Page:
Monday, June 04, 2012

Favoritism in Fairyland

I can't say I've had much success in spreading the good word of Oz. I've tried to get my wife interested, and she did read the first three books, but isn't a fan. She doesn't like fantasy much anyway, but when I asked her recently, she told me one thing that particularly bothered her was the unfairness. Oz is supposed to be utopian, yet it has haves and have-nots, and a system of cronyism that results in a cushy life for the elite in Ozma's palace.

So how does someone get into this life? As in the Great Outside World, it often involves being in the right place at the right time. For the most part, the protagonists in the series end up being offered homes in the palace or somewhere almost as nice, although some of them do refuse. And how do you become a protagonist? All too typically, it's based largely on connections. That said, it does seem a bit easier to make friends with Ozian celebrities than with movers and shakers in the mundane world. There's the potential for anyone in the country to run into Dorothy or the Scarecrow and make friends with them. And the protagonists do often perform major services for the kingdom, but that isn't strictly as necessary as just getting along with the established celebrities.

Do the characters living in luxury work? Well, some do. Many have positions at court, and even the ones who don't officially take part in Ozma's counsel meetings. This generally seems to be because they WANT to help out rather than because they have to in order to earn their keep, though. Similarly, we're assured that the working-class Ozites enjoy their lives and are quite comfortable. It's likely true that an Ozian farmer has an easier life than a mundane one, if only because the magical climate means growing crops is much easier, and it's uncommon for disaster to strike. Still, I have to wonder if any of the people who have to do manual labor for a living would prefer to hang out with the famous folk in the capital. In The Patchwork Girl of Oz, we're offered this exchange:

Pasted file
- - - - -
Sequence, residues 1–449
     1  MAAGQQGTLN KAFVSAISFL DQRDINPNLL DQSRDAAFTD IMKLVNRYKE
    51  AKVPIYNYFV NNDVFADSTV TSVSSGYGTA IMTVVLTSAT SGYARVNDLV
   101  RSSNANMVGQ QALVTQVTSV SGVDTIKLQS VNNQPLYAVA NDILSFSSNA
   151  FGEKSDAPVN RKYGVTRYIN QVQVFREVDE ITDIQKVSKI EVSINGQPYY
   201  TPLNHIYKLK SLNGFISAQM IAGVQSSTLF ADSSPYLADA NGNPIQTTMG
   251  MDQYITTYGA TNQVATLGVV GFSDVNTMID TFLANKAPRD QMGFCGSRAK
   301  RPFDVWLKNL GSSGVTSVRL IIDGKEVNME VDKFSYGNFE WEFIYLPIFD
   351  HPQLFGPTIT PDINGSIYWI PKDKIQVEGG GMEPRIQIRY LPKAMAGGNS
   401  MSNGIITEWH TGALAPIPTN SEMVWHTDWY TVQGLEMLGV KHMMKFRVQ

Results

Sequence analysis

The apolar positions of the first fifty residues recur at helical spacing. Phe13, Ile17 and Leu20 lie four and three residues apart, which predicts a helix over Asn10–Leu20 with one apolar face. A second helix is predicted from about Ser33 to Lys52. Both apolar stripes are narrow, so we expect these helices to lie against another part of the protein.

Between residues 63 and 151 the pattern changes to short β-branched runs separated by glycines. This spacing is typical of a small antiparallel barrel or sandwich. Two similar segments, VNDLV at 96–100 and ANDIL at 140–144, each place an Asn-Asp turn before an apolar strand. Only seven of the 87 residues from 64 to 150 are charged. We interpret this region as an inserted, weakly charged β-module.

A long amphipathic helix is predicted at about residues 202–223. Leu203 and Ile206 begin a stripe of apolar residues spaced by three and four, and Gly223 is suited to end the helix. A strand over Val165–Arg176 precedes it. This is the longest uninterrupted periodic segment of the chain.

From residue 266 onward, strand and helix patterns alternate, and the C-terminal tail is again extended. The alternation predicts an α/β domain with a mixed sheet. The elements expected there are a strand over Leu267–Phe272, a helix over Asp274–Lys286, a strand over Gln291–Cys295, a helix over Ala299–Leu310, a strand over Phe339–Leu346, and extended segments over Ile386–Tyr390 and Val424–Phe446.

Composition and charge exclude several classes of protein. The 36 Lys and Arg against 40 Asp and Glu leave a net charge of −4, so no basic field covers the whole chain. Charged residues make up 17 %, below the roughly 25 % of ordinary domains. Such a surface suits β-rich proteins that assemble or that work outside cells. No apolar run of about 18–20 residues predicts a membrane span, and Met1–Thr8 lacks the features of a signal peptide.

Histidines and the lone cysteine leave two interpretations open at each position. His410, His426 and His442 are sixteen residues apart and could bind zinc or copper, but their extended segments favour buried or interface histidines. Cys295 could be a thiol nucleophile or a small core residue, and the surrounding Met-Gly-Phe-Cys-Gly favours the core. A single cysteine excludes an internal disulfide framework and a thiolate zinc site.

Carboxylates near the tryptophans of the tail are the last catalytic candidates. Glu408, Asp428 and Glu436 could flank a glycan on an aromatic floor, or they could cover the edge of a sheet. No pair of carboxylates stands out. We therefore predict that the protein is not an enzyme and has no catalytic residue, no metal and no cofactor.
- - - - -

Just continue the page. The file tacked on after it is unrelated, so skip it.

"In this country," remarked the Shaggy Man, "people live wherever our Ruler tells them to. It wouldn't do to have everyone live in the Emerald City, you know, for some must plow the land and raise grains and fruits and vegetables, while others chop wood in the forests, or fish in the rivers, or herd the sheep and the cattle."

"Poor things!" said Scraps.

"I'm not sure they are not happier than the city people," replied the Shaggy Man. "There's a freedom and independence in country life that not even the Emerald City can give one. I know that lots of the city people would like to get back to the land. The Scarecrow lives in the country, and so do the Tin Woodman and Jack Pumpkinhead; yet all three would be welcome to live in Ozma's palace if they cared to. Too much splendor becomes tiresome, you know."
Shaggy kind of contradicts himself here, because at first he says Ozma basically tells everyone what to do and where to live, then cites the Scarecrow, Tin Woodman, and Jack as people who would rather live in the country. In all of these cases, however, they're living there because THEY want to, not because of any orders from Ozma. Mind you, these three are probably exceptions to most of the rules anyway, what with two of them being major players on the political scene even before Ozma took the throne, and the other being essentially her child.